Children that have been diagnosed with sensory processing disorder (SPD) have several limitations when it comes to everyday functioning. Even if a child has 20/20 vision, problems can still occur due to the effects of SPD. Ignoring the problem can lead to additional issues in adulthood and this is why in addition to an eye doctor, a child with SPD can get extra assistance through vision therapy. Professionals can use this therapy to help your child through four specific difficulties that come with an SPD diagnosis.
Children with sensory processing disorder can experience disorientation and mood changes due to both natural and artificial light. Sudden exposure to sunlight, bright flashlights, or overhead lights can cause different reactions in children. Vision therapy sessions can help children cope with lighting changes through a variety of exercises and activities.
In a controlled environment the therapy can help a child adjust to lighting through various tests and activities. Special eye wear may be used to help a child cope with the lighting changes too. This can help with vision, balance, and focus in all types of situations.
Another common problem for children with SPD is a lack of spatial awareness. This is the ability to process your own body in relativity to other objects and open space. A lack of the spatial awareness can cause a children to bump into objects, trip, and appear to be clumsy. By attending vision therapy sessions, a number of methods will be used to help make a child aware on their surroundings. On the small scale, the child can work with different blocks and objects to be aware of how they are set up. When changes are made to the blocks and structures, a child can notice the differences and see how small changes effect the environment.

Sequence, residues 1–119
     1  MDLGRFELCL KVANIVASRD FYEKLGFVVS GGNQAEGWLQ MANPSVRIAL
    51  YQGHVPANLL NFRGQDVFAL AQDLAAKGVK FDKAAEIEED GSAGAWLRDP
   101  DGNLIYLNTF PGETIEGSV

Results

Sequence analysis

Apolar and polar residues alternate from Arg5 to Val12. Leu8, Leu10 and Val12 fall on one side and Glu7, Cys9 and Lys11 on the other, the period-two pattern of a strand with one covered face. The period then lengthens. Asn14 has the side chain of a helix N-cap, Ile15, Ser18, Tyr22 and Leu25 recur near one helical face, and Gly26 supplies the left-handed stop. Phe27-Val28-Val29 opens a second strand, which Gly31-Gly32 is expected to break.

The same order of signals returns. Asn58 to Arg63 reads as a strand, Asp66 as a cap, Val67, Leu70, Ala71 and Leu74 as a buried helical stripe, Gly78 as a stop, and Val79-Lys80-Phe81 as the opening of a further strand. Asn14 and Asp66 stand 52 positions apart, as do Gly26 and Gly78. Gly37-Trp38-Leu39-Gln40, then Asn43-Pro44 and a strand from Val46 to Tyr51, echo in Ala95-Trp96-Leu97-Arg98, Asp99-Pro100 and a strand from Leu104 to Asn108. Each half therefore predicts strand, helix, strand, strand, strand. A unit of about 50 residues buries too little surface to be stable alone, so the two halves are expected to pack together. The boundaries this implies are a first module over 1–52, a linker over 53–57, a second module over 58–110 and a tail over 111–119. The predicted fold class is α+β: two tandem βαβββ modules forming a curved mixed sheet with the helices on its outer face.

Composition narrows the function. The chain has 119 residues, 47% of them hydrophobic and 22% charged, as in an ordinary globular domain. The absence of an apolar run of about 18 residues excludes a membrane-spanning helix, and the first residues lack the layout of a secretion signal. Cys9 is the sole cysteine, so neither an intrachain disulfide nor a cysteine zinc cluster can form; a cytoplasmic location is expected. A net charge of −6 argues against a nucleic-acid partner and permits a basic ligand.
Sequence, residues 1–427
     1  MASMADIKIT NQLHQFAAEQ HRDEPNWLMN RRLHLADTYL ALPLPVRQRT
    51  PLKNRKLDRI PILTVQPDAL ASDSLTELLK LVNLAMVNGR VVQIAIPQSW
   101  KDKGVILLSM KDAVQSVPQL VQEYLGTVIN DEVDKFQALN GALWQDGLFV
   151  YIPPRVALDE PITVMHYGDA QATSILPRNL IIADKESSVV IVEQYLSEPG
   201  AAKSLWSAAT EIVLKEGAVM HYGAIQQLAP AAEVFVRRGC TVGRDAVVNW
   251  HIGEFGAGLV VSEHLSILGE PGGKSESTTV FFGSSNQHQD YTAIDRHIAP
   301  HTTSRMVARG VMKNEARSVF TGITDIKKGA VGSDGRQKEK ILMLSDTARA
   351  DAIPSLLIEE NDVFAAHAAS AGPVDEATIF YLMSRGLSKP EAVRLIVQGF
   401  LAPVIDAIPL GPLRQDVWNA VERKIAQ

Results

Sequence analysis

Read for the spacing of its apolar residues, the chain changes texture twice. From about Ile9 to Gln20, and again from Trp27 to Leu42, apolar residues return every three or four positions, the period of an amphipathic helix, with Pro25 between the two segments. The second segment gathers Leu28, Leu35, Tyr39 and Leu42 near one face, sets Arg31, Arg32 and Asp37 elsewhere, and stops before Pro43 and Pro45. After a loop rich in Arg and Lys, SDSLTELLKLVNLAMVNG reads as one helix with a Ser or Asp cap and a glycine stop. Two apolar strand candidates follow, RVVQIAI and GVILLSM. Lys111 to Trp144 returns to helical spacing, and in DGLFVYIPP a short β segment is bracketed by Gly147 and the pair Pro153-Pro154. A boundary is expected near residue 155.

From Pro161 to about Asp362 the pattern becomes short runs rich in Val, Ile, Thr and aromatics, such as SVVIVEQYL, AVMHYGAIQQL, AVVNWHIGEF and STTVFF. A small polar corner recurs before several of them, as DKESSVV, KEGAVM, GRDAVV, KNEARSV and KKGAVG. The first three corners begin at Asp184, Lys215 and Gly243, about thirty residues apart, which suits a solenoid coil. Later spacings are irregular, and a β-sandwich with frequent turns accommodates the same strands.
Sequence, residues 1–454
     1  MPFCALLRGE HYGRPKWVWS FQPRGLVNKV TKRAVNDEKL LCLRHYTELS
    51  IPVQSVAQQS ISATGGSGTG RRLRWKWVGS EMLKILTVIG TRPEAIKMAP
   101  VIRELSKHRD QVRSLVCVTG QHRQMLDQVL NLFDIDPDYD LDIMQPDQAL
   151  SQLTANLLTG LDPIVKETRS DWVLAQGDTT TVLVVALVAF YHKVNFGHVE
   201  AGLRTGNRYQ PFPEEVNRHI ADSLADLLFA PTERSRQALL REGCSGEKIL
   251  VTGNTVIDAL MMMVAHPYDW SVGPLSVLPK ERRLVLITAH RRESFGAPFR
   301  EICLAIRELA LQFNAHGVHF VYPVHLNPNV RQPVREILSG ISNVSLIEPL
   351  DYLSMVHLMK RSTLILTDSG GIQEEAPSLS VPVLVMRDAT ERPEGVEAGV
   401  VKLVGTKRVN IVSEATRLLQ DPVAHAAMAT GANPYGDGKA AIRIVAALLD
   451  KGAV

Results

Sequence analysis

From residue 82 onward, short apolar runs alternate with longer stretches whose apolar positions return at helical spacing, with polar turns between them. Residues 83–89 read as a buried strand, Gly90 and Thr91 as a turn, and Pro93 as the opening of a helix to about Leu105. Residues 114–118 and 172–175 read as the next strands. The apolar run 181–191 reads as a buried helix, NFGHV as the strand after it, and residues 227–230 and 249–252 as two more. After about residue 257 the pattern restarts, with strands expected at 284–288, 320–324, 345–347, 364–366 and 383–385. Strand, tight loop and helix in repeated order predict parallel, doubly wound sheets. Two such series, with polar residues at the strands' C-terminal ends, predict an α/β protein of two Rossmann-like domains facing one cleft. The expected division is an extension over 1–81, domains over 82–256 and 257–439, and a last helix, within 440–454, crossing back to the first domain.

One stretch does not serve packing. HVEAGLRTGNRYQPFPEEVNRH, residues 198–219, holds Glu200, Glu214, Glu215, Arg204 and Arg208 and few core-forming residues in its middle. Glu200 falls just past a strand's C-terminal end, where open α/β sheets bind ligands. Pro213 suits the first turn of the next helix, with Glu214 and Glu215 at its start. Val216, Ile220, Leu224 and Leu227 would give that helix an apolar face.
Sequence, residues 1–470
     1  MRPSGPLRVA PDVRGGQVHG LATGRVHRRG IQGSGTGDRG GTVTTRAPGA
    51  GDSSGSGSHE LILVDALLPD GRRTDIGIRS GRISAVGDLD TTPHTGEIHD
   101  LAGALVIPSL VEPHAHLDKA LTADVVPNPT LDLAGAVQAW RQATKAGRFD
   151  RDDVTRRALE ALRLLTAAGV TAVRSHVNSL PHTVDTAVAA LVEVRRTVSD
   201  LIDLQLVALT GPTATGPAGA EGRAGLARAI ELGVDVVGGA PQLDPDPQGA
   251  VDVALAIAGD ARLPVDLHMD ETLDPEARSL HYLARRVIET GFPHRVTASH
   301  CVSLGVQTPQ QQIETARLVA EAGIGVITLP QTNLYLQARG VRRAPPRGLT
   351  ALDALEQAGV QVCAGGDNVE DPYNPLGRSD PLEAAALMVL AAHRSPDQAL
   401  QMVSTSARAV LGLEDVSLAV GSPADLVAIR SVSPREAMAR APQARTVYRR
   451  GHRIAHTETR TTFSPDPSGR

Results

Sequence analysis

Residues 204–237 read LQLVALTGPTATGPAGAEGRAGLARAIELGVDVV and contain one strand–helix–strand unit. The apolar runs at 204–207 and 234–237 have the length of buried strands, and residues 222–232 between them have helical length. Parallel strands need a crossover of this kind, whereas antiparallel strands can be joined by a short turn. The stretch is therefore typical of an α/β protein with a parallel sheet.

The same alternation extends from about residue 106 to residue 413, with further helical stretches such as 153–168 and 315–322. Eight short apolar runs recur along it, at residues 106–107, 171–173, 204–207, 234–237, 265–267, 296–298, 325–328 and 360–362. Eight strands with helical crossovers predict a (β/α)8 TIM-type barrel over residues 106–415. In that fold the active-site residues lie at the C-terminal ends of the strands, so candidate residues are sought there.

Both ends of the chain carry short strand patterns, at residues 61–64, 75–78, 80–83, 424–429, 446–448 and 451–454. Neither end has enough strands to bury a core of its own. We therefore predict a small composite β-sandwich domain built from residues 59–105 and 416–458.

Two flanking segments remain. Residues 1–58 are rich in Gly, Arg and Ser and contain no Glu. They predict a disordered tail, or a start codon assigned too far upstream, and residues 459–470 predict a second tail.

On a larger scale, a therapist may put a child in an obstacle course. By going through a course, a child will be aware of different objects and obstacles that need to be avoided to successfully make it through. Instead of just racing through, a child can take their time to process the obstacles and clearly understand the best method for their body to go through them. Through multiple sessions, a child will build up proper spatial awareness and improve their everyday skills.
Reading & Tracking Text
No matter how large a child's vocabulary is, SPD can cause reading problems, especially when following large blocks of text. It's easy for a child to lose track of text when going from line to line. While in therapy, there are several tools and reading worksheets to help improve with these visual issues. One type of tool is a special reading line that can be used to follow from line to line. A therapist can also teach the child the best methods for reading. This can help remove distractions and keep a child focused on going from line to line.
Sometimes, the white background and black text are part of the problem. Therapists may use special reading worksheets and books featuring larger text, different colored pages, and high contrast text. As a child goes through multiple sessions, they can transition to regular text and improve for everyday learning.
A child with SPD may have trouble with basic hand-eye coordination. This can have a negative impact through everyday activities, cooking, athletics, or small skills like using a pair of scissors. By attending visual therapy sessions, the hand-eye coordination of a child can slowly be improved. A variety of activities done in the therapy will help children work on the hand-eye coordination. Multiple activities can also be done at home to help supplement the skills and build the coordination a lot faster.
By making a consultation with a doctor, you can explain your child's specific problems and help set up a therapy system that is catered to them. The personalized sessions will help your child thrive and minimize the problems that come with SPD.
For more information about vision therapy, contact a company like Absolute Vision Care.Share